The fact is that, so far, things haven't fared so well. NU gave up 5.4 yards per carry against EMU last week, and, taking out the four sacks, 5.4 yards per carry yet again against Syracuse.
Those kind of numbers against the run will keep the rest of the D on their heels and make them vulnerable to the big play.
Also, after ranking 18th nationally in sacks last season (2.62 per game), NU has fallen back this season, gathering just 2.33 per game (thanks to a four-sack effort versus Syracuse, more than in the first two games combined).
This can be attributed both to Wootton still getting back to his 2008 form (where he racked up 10 sacks and six more TFLs) and the loss of unheralded senior Kevin Mims, who had 3.5 sacks of his own and an additional 3.5 TFLs.
Vince Browne was expected to step right in after gathering four sacks of his own in '08, but his transition to full-time playing status has been shaky (although he has improved: He had five tackles, two TFLs, and one sack against Syracuse).
Finally, don't discount the loss of tackling machine Prince Kwateng from last year's squad; all he did was gather the second most tackles on the squad last season (106) in addition to gathering numbers in six other major defensive statistical categories.
Ben Johnson has done a nice job so far, returning an interception for a TD as well as forcing and recovering a fumble against Syracuse, but hasn't been tackling at the same clip as Kwateng (only nine tackles so far).
It's important to note that Johnson is playing on the other side than Kwateng, but it's vital that the LB corps rack up the tackles before ballcarriers can get to the next level of the defense.
Overall, NU graduated some guys that are hard to just throw someone in to replace: Gill, Mims, and Kwateng.
There has been some improvement in the DL, particularly against Syracuse, but the run defense must get much better heading into Big Ten play, and that means those DTs must begin creating havoc in the middle of the backfield.
Big Play Vulnerability
In 2008, one of the biggest differences from previous seasons was that the NU D was making opponents work for their yards and points by not giving up the big plays.
Once Northwestern forced opponents to drive the entire field, they were more likely to force a fourth down or turnover, rather than watching a team get all the way down the field in one big play. That trend has seemingly reversed in 2009.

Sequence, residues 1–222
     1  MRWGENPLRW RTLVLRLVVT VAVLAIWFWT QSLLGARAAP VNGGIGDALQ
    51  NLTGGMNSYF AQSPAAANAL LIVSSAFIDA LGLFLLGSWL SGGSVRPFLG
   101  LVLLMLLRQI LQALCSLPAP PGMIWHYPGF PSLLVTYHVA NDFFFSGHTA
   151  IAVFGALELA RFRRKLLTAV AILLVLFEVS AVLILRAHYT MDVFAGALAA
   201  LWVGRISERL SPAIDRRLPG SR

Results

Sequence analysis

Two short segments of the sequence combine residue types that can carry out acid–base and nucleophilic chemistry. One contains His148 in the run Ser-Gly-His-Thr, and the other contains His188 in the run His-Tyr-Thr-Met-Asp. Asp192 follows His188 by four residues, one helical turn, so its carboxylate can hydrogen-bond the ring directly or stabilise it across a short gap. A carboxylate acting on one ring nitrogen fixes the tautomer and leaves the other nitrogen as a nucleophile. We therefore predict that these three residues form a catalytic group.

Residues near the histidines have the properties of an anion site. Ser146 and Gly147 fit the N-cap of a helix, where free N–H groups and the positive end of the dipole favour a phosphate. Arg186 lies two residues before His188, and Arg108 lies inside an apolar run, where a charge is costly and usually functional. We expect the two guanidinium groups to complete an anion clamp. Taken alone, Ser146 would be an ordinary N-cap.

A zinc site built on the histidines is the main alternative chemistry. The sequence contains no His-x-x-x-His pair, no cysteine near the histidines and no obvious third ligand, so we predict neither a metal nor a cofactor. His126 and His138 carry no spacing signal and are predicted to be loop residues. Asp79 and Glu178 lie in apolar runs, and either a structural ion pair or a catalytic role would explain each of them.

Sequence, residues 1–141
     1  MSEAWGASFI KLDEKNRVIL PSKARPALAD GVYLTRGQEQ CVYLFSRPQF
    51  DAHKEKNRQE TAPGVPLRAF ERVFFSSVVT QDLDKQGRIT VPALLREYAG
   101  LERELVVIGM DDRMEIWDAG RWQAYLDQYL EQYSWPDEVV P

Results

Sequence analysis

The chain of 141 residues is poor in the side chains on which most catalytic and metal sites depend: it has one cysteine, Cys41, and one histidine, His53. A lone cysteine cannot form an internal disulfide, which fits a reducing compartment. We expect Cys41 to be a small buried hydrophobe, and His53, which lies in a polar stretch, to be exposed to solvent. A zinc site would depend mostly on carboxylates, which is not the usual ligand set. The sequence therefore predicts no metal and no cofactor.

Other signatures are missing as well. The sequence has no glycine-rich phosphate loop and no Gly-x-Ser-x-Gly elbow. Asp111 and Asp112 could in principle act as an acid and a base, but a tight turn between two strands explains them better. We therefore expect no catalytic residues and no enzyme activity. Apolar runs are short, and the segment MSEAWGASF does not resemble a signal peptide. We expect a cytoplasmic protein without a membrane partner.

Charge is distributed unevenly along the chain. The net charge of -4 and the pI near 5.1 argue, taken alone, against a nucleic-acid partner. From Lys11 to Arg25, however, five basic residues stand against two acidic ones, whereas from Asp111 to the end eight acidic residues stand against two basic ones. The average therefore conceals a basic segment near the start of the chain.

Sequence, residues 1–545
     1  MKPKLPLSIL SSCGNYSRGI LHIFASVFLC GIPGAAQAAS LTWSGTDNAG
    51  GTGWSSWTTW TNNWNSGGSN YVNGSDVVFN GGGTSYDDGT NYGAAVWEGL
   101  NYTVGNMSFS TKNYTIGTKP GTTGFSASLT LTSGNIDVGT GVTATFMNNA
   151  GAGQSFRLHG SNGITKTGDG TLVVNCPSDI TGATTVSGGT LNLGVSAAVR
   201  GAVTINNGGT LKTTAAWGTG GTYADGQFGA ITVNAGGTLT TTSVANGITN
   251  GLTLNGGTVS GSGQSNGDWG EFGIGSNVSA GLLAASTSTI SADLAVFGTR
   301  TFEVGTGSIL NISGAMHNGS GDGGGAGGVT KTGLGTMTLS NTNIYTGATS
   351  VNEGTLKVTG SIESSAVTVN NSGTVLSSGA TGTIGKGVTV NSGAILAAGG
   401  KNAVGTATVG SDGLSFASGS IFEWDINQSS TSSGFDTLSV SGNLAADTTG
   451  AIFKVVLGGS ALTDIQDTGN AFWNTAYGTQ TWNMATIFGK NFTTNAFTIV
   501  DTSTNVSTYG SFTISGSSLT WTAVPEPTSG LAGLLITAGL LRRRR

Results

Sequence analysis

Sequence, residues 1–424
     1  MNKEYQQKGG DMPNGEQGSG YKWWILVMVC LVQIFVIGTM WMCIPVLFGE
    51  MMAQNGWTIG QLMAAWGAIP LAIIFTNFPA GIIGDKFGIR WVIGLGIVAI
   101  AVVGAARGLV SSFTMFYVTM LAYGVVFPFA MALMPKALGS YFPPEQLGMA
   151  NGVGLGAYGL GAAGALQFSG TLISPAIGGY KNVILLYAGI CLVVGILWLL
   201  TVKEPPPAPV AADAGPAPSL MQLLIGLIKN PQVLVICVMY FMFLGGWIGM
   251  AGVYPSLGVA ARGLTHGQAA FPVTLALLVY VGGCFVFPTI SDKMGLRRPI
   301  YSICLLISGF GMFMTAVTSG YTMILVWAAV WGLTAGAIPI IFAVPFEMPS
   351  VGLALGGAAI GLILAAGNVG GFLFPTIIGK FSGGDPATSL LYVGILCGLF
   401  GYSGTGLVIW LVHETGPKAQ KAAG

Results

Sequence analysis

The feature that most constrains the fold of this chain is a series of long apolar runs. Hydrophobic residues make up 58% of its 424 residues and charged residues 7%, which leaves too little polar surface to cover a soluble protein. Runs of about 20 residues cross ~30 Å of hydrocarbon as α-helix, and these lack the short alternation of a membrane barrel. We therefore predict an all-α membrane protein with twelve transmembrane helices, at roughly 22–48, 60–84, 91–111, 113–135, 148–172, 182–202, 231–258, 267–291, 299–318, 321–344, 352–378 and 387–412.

Against EMU, things weren't too bad, as NU gave up only one play over 30 yards (a 35 yard run) and three more plays over 20 yards, although EMU's ability to continually run for an average of five yards at a time ate away at the D through the second half.
In the Syracuse game, though, NU gave up two big 30+ yard plays (66 and 39 yard pass plays) and three additional plays over 20 yards (again, all passes).
Those big plays allowed both EMU and Syracuse to get down the field quickly to either close the score gap or take a lead quickly.
It was clear that the injury losses in the secondary had some to do with that (Syracuse's top WR Mike Williams had his way with NU's corners), but the fact is that Northwestern's experienced safeties (Brad Phillips and Brendan Smith) can also share some of the blame.
Syracuse, especially, relied on the play fake, be it an end-around fake or just a play-action fake handoff, to get the safeties out of position and isolate receivers one on one (or get them wide open).
And the safeties were understandably biting on those plays with NU giving up over five yards a carry; they had to be available for run support. The fact is that they were drawn into trying to make up for deficiencies both in front of and behind them.
The 'Cats must improve in this area or else risk being torched by Big Ten offenses. First up, they have to deal with the big play combination of Minnesota QB Adam Weber and WR Eric Decker, which requires a lot of improvement out of the NU secondary.
There are a number of factors at play in the downfall of what was expected to be a solid NU defense in 2009: injuries, replacing seniors, and giving up the big plays.
Thankfully, the 'Cats should be getting some of their injured personnel back on the field before too long, and experienced defensive coordinator Mike Hankwitz (along with Coach Fitz) aren't likely to let this dismal defensive performance continue.
If NU can get some key personnel back and fix a few points (particularly stopping the run in the middle), expect this unit to improve as the season progresses.